Welcome to our new series: North Carolina Icons! Inspired by Our State magazine’s 100 North Carolina Icons, we’re going through their NC to-do list to recommend books for each icon. We want to enhance your journey through North Carolina, whether you take the books with you on your travels or read them at home to learn about North Carolina. The State Library of North Carolina has also gone through the checklist and provided links and resources that will help you begin checking off icons. Keep an eye on our NC icons tag as we post weekly recommendations.
We start our series with icon number one: the Blue Ridge Parkway. Our State says, “Travel any one of the Parkway’s 252 North Carolina miles and you’re guaranteed a beautiful drive.” We have three different books that will help you explore the Blue Ridge Parkway in three different ways:
Walking the Blue Ridge: A Guide to the Trails of the Blue Ridge Parkway by Leonard M. Adkins is a classic Parkway trail guide that includes hikes for every skill and interest level, from five-minute “leg-stretchers” to overnight hikes. Veteran hiker Leonard M. Adkins describes every one of the more than 100 official Blue Ridge Parkway walking trails along with every other trail (more than 70) that comes in contact with the Parkway. He details each walk, noting exact length, points of interest, and natural features.
While you’re out hiking, check out some of the local birds with Marcus B. Simpson Jr.’s Birds of the Blue Ridge Mountains: A Guide for the Blue Ridge Parkway, Great Smokey Mountains, Shenandoah National Park, and Neighboring Areas. In this detailed guide to the best birding localities, Simpson describes more than three hundred sites, including recreation areas, overlooks, campgrounds, picnic areas, and hiking trails. For each site, he lists the species most likely to be seen as well as rare birds that the persistent birder might find; he includes notes on the plant life and geography of each site and provides information on highway access and accommodations as well as accessibility for the handicapped.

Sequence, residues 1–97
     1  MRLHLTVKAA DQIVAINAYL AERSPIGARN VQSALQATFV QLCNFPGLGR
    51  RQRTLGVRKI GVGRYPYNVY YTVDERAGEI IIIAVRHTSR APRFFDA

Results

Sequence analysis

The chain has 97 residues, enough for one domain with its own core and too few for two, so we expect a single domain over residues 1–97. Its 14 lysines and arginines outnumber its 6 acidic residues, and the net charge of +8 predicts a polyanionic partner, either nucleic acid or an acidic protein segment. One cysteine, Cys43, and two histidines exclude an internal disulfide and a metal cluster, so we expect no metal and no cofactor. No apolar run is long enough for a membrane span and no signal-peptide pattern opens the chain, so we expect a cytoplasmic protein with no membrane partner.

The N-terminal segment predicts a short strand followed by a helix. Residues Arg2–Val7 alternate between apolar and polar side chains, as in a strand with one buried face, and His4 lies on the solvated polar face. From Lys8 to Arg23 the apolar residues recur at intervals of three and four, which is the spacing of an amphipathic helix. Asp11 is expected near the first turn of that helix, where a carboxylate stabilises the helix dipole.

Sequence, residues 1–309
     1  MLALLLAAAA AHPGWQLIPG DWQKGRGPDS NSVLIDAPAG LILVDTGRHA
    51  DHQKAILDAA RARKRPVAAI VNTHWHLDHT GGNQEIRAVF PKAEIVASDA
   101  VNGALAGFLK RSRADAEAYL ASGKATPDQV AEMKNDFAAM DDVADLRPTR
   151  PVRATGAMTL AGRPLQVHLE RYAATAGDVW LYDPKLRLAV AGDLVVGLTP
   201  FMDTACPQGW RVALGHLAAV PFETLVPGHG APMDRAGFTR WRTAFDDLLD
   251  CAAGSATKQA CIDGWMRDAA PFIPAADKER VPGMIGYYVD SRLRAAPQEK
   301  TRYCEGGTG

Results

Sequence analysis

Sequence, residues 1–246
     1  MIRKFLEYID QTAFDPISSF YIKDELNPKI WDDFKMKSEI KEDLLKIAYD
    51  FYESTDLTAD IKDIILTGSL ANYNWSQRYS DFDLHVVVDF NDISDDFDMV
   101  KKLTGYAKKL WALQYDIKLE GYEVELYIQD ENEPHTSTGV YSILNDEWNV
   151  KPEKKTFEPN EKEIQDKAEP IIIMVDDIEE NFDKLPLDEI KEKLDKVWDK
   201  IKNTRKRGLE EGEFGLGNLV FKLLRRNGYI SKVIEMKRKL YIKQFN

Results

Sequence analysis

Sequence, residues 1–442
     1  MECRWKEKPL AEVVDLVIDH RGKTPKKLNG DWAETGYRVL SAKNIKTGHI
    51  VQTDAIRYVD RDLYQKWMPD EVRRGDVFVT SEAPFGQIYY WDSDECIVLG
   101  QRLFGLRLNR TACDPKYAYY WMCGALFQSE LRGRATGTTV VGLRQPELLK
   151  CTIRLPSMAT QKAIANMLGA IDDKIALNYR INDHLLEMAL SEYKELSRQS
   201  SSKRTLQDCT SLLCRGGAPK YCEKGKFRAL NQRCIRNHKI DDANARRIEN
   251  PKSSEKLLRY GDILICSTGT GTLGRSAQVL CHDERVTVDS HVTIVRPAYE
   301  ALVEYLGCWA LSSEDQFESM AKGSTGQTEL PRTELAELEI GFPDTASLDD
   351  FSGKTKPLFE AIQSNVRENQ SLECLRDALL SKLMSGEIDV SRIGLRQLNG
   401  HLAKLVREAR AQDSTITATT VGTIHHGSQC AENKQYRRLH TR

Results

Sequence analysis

If you’re looking to learn more about the history of the Blue Ridge Parkway, try Super-Scenic Motorway: A Blue Ridge Parkway History by Anne Whisnant. The most visited site in the National Park system, the 469-mile Blue Ridge Parkway winds along the ridges of the Appalachian mountains in Virginia and North Carolina. According to most accounts, the Parkway was a New Deal “Godsend for the needy,” built without conflict or opposition by landscape architects and planners who traced their vision along a scenic, isolated southern landscape. The historical archives relating to this massive public project, however, tell a different and much more complicated story, which Anne Mitchell Whisnant relates in this revealing history of the beloved roadway.
Let us know how your travels go and share your favorite parts about visiting the Blue Ridge Parkway! (Coming up next: Cape Hatteras Lighthouse.)